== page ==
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Chelsie Probert
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The Crown is questioning a Dartmouth teenager’s explanation for how he acquired a tire reamer that was later used in the killing of Chelsie Probert.

The 17-year-old began testifying in his own defence Friday at his trial in Halifax youth court on a charge of second-degree murder.

The boy, whose identity is protected under the Youth Criminal Justice Act, was arrested 16 days later, after a young man he was with on the night in question implicated him in a statement to police.

The 20-year-old man is the Crown’s main witness at the trial, which got underway Sept. 4.

When the accused took the stand last week, the accused told the court the star witness was the killer.

The teen said he watched in shock from a few metres away as his older friend attacked Probert, 18, with a corkscrew and a kitchen knife after she brushed off his robbery attempt on a path between Farrell Street and Albro Lake Road in Dartmouth on the night of June 6, 2017.

After defence lawyer Josh Bearden finished his direct examination Monday, Crown attorney Steve Degen started cross-examining the boy.

One exchange between the prosecutor and the accused concerned the tire reamer, a corkscrew-like device that police seized from the boy’s bedroom during a June 22, 2017, search of his apartment.

The trial has heard that Probert’s DNA was found on the tire reamer, and the defence has admitted that the boy handled the device.

Degen challenged the teen’s direct testimony that he discovered the tire reamer in a backpack given to him by a friend a couple of months earlier. He said he offered to give it back but his friend said to keep it.

The boy said he used the tire reamer to do maintenance on his bicycle but never as a weapon.

“Are you certain that you didn’t have a discussion with (the friend) where you mentioned to him that you were actually looking for a weapon?” Degen asked.

“Yes, I am certain that that is not why I got it,” the accused replied.

Degen then asked if the friend who gave him the device had described it as a fish gutter. “Do you recall that?” he asked.

“No sir, it did not happen,” the boy said.

“I am a hundred per cent certain.”

“As certain as any other evidence you have told this court so far?” the prosecutor said.

“Yes sir,” the accused responded.

Degen also asked if the boy recalled telling his friend he would pay him a small amount of money or half a gram of marijuana for the device.

“I did not,” the boy said.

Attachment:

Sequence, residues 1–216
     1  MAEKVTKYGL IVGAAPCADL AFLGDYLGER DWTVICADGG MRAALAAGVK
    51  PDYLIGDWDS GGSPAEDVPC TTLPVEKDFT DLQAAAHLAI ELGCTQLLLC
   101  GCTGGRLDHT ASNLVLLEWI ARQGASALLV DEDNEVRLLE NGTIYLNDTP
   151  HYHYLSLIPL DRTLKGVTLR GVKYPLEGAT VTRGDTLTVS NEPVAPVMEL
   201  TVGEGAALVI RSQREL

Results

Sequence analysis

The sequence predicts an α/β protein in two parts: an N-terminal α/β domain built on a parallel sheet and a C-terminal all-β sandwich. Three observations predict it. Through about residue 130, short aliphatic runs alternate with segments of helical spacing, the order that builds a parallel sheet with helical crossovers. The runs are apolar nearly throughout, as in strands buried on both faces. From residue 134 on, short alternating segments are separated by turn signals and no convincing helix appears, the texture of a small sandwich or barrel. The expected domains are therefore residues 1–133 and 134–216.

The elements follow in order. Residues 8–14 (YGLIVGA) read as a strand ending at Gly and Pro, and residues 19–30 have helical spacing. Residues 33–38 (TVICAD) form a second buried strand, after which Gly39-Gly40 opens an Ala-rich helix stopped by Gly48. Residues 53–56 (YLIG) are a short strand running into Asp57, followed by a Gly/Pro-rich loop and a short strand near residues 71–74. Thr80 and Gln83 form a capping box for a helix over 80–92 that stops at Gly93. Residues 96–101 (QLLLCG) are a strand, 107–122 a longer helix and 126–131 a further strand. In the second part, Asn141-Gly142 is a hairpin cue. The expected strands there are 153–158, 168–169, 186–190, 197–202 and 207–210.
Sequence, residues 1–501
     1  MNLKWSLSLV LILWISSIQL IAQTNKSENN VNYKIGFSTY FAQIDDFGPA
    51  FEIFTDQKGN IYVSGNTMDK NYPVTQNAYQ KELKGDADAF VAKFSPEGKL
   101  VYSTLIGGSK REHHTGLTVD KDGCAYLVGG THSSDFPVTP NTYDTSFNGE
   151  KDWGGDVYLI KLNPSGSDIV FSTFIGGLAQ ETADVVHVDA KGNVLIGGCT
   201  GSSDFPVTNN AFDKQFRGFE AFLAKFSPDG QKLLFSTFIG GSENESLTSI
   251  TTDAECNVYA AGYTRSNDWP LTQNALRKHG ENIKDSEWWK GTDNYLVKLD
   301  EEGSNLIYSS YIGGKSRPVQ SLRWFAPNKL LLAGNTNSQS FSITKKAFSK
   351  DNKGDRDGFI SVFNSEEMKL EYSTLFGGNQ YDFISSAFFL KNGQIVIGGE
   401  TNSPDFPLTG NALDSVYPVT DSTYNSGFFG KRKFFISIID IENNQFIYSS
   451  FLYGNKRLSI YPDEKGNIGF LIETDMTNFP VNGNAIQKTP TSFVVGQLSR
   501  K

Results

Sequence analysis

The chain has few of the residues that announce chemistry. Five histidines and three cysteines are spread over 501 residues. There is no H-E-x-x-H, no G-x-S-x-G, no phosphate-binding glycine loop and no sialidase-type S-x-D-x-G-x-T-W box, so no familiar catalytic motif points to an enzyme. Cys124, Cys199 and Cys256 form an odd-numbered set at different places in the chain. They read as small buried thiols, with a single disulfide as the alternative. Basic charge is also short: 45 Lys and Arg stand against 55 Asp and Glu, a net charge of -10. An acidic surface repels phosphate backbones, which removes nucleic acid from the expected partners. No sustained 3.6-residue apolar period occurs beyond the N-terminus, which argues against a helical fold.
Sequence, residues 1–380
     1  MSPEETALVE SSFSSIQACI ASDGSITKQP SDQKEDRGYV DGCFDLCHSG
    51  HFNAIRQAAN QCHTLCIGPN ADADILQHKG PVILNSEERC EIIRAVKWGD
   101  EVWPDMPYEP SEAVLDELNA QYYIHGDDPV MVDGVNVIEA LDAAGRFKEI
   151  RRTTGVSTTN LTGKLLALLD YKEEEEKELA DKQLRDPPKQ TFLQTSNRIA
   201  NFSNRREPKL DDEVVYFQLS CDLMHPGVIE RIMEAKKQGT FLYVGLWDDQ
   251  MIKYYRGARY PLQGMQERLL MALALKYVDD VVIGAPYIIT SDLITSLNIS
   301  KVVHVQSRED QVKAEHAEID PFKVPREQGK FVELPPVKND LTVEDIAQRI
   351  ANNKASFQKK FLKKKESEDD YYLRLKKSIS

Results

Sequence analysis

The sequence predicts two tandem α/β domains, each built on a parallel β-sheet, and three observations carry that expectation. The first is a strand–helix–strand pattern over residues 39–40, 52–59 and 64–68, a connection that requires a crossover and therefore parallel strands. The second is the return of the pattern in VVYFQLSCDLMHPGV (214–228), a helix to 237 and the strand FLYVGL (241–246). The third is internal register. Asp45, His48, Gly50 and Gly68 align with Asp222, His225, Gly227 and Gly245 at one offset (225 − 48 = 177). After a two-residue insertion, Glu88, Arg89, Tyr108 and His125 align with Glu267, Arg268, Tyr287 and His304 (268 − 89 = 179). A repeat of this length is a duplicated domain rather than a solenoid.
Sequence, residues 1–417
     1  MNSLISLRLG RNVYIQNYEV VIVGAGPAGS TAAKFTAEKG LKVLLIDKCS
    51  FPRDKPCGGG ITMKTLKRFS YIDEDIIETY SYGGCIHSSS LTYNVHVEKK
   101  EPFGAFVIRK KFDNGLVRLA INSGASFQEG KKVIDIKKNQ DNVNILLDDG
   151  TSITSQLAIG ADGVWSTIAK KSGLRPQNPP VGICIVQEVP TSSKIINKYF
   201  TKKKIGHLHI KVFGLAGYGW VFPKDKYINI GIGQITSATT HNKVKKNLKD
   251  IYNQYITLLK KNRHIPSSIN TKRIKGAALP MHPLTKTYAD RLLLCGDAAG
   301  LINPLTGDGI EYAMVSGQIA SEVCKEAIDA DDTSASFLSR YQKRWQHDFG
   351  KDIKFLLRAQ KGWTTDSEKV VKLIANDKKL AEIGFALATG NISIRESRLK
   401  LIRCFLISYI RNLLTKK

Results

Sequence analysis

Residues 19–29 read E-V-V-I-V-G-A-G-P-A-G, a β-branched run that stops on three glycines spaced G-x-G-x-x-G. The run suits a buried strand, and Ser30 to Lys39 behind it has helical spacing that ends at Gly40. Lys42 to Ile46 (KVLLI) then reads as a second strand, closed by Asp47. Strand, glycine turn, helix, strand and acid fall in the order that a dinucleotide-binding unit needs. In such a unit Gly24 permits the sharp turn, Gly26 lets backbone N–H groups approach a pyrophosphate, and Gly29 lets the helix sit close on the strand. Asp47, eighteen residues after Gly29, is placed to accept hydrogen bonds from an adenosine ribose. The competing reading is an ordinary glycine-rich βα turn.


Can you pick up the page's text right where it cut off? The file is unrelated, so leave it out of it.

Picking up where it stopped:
At some points during cross-examination Monday, the boy mentioned details that were not in his earlier testimony.

“I’m going to suggest to you that you are just making this up as we go along,” Degen said. “When I ask you … questions, you’re coming up with a story and then it’s contradicting evidence you’ve already provided.”

“No, I’m not,” was the accused’s reply.

The boy will be back in the witness box Tuesday for further cross-examination.

Earlier Monday, defence lawyers requested time to consider new evidence obtained by police over the weekend as a result of something their client said under oath Friday.

The defence lawyers then took the unusual step of asking the judge to allow them to consult with their client in private while he’s in the midst of testifying. The purpose of the meeting, they said, would be to disclose the new evidence to their client and receive instructions on how to proceed.

The Crown opposed the defence application.

Judge Elizabeth Buckle explained to the court that a professional code of conduct that governs lawyers says they are not to influence a witness to give evidence that is false, misleading or evasive and must not obstruct an examination or cross-examination in any way.

“The challenge in this circumstance is that the witness that we’re dealing with is an accused,” Buckle said. “The accused has a constitutionally protected right to make full answer and defence. That includes the right to know the case against him, which translates to a right to be provided full disclosure. He also has the right to participate in his defence, and defence counsel are ethically obligated to seek instructions from their client when making strategic decisions in the defence of that client.

“The prejudice to the Crown, as I view it in this case, is that they would lose the element of surprise when confronting the accused with the new information in cross-examination.

“When I balance the accused’s constitutional right … to participate fully in his defence against the potential prejudice to the Crown, I am satisfied that the former prevails and the defence should be given leave to speak with the accused about the disclosure.”

The nature of the evidence was not revealed during the argument, nor when the boy resumed testifying.

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